There were a million questions going through my head that day. Like, “What will Noah’s future look like?” “Will Noah be dependent upon me for the rest of his life?” “Will he ever move out of the house, go to college, get married, and have children of his own?” “Will he be able to have a career and be treated like any other living and capable citizen?” And most importantly, “Will Noah be happy and enjoy his life?” I didn’t know what the future was going to look like for him but I knew that I was scared and frustrated by the fact that this was out of my control.
It took me a few days to really process all of this, but I finally got to a better place in my own time and when I felt ready to accept it. So I moved forward and I made up my mind to become an advocate for special needs children and their families. I no longer wanted to sit around feeling sorry for Noah or for myself for that matter. I knew that I had to stand up and make a change. I knew that it was my calling to use my son’s testimony as a vehicle to help inspire positive change and make a difference for other children just like him. I knew that I had to stand up for something bigger and use my strength to help promote inspiration and encouragement for other families just like my own.
In my own time, I learned that crying, being in denial, and remaining in the sad, emotional state that I was in was never going to help me or allow me to fulfill my life’s purpose. So I turned my bitter lemons into the sweetest lemonade and ever since then I haven’t looked back. Today, I no longer view Noah’s diagnosis as a downfall for us or necessarily a situation that’s the end of the world for our family. Instead it’s more like a journey that we have managed to get through together and that has later became our biggest blessing in disguise. When I sit back and watch videos from over the years and look at old photos of Noah it makes me so happy because these moments continue to remind me of the amazing work that I have done as a mom despite my son’s diagnosis. Noah is truly a brave, strong, one-of-a-kind, and exceptional little boy. He has taught me not to focus so much on the bad things, but to celebrate the good things and to just enjoy the journey along the way.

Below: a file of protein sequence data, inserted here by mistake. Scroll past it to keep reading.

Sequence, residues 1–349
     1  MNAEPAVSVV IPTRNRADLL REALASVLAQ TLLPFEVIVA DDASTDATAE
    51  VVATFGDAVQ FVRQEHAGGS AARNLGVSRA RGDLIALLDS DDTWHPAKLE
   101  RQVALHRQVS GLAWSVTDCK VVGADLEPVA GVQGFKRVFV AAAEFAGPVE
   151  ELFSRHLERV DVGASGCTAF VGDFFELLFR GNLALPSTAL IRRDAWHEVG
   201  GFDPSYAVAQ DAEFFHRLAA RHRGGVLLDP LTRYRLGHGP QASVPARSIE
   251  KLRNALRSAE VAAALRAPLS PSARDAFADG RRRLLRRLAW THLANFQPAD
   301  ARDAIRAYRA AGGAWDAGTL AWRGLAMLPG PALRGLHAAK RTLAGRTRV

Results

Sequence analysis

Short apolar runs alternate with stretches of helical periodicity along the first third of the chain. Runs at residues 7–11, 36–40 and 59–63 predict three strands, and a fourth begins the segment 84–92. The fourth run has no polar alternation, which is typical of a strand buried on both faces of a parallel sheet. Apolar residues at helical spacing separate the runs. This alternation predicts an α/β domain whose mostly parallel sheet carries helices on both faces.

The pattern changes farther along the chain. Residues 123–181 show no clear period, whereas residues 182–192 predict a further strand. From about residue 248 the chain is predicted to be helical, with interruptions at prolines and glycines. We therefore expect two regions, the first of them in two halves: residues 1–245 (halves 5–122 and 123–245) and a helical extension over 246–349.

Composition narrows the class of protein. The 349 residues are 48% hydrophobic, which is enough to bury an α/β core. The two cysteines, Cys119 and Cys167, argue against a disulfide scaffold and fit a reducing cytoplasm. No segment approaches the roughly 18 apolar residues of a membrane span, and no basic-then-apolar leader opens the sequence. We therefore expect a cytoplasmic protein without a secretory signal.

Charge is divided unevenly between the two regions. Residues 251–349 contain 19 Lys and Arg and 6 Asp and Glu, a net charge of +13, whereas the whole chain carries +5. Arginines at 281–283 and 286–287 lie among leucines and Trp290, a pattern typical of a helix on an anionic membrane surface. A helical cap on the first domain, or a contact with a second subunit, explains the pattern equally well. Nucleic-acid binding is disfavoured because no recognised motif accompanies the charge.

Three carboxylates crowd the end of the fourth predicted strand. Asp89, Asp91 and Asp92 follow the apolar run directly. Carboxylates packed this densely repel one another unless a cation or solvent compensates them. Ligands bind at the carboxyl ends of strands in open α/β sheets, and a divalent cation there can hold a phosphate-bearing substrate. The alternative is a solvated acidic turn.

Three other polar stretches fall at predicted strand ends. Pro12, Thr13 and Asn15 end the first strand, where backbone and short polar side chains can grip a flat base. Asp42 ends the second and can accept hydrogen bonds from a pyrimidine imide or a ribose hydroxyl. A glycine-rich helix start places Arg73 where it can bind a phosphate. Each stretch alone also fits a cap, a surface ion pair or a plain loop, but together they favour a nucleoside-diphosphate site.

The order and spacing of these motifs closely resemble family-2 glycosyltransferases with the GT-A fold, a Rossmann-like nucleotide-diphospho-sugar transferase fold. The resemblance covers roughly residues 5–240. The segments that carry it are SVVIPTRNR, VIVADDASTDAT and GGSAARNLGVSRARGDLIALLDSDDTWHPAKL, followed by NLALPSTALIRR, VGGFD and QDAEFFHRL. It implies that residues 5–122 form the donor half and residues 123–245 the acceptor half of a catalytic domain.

Whenever Noah meets his milestones, progresses, learns new things, and does things that I didn’t even know he knew how to do, I immediately get so happy! It’s so heartwarming to watch all of his progress because it reminds me that his diagnosis is not so bad after all. His diagnosis may be a part of his genetic makeup and medical history, but it does not define him or limit his abilities to continue to move forward. My brave boy is capable of doing each and everything that he wants to do and as his mother I will always continue to fight for him every step of the way whether his test results come back positive or negative. He is my little hero and no diagnosis will ever take away from that. Oh and there’s great news by the way! A couple of weeks after finding out about Noah’s diagnosis, his geneticist called me back again stating that because Noah is the first person documented in history to have the rare genetic chromosome that he has, Lurie Children’s Hospital wanted to publish his story in a medical journey and present his case at a national medical conference to help other medical professionals and families. And of course I said yes! So, as you can see, life has a funny way of doing the things that we least expect and sometimes when we think we’ve gotten bad news, we’ve actually in fact walked into our greatest blessings.
For my parents facing challenges with their child’s health and experiencing anything close to what I went through, always know that you are not alone and that you can get through this. We are our children’s biggest advocates and as long as we keep fighting for them, they will keep fighting too! Stay strong and continue to love your children unconditionally and with everything that you have inside of you. ♥
Best Wishes to you and your family,
Genesis A. Emery